(7.) For some generally accepted assessments of the relative chronology of the Dharmasastras, see Kane, vol. 1 (1962), and Lingat 1973. However, thanks in large part to the excellent and dedicated work of Patrick Olivelle (2005, 2009, etc.), the absolute chronology of Dharmasastra literature presented in these works has in recent years undergone serious revision. It is generally now accepted that scholars of previous generations dated the major Dharmasutras and Dharmasastras too early by at least several centuries.

(8.) The following Dharmasastric works/authors all discuss sahagamana at some length: Medhatithi 5.155 (c. 825-1000, Kashmir); Vijnanesvara's Mitaksara 1.86 (c. 1076-1127. Maharashtra/Kalyana); Apararka 1.87 (c. 1125, North Konkan): the Vyavaharakanda of Laksimdhara's Krtyakalpataru, pp. 632-36 (c. 1 110-50, Kannauj); the Vyavaharakanda of Devana Bhatta's Smrticandrika, pp. 596-97 (c. 1150-1225, South India): Madhava 4.30-31 (c. 1330-60, Vijayanagara); Madanapala's Madanaparijata, pp. 196-201 (c. 1350-1400, U.P.); Kamalakara Bhatta's Nirnayasindhu, pp. 438-40 (1612, Benares); and Kasinatha Upadhyaya's Dharmasindhu, pp. 384-86 (1790-91, Maharashtra). For detailed discussions of the provenances of these works, see Kane, vol. 1 (1962).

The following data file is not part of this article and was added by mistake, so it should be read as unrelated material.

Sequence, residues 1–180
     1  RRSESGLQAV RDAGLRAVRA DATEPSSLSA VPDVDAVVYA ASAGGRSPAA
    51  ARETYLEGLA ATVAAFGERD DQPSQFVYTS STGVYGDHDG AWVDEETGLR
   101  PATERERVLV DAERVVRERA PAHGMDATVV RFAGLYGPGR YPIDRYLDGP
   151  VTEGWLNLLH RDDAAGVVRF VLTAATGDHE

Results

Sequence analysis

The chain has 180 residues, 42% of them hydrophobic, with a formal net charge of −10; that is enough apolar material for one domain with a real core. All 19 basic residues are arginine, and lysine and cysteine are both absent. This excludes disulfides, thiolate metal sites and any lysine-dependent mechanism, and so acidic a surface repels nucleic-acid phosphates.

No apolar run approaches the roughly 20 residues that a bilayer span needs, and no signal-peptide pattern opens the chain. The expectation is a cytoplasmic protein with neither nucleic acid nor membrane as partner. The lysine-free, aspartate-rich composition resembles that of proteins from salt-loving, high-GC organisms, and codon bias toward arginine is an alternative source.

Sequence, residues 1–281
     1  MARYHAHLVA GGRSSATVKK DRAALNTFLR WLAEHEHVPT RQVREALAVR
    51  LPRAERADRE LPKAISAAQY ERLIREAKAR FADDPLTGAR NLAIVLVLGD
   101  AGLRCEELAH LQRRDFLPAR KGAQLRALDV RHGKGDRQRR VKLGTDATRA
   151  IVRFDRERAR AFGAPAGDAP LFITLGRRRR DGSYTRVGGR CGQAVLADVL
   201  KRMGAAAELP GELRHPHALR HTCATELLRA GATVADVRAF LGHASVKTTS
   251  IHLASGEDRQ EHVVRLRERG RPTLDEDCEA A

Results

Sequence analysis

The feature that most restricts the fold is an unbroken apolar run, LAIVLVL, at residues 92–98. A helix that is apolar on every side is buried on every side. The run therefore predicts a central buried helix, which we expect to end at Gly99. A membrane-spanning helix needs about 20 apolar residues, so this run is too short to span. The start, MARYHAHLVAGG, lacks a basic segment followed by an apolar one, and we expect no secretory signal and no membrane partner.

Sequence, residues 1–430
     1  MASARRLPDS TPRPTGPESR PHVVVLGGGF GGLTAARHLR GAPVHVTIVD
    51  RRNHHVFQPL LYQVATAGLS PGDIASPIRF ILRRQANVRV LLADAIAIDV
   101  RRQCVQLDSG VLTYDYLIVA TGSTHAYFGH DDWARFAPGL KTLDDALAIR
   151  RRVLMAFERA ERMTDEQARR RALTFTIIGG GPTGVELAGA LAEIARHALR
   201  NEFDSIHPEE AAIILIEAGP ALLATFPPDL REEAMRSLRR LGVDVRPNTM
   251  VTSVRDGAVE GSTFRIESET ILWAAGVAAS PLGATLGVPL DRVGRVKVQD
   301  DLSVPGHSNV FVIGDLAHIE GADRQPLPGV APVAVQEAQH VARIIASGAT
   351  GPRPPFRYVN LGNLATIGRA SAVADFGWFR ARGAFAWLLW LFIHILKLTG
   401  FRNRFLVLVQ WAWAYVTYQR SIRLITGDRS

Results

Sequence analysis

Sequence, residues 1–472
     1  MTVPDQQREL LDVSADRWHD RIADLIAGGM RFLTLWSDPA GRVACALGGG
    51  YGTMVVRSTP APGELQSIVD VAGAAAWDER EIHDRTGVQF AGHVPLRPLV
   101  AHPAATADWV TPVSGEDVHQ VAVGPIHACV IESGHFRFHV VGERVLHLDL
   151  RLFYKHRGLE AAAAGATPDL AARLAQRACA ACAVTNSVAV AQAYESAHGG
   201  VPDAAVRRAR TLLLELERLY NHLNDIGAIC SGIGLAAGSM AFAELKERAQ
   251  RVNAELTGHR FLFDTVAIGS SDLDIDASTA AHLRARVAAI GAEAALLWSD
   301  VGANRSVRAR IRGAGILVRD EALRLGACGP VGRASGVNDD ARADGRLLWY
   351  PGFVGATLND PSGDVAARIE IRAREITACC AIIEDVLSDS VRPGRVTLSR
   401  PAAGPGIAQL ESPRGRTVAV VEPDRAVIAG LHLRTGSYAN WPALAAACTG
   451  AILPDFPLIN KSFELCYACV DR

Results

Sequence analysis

(9.) See Apararka 1.87, Mitaksara 1.86. Madanaparijata, p. 197, Suddhimayukha, p. 69, and Nirnayasindhu, p. 438.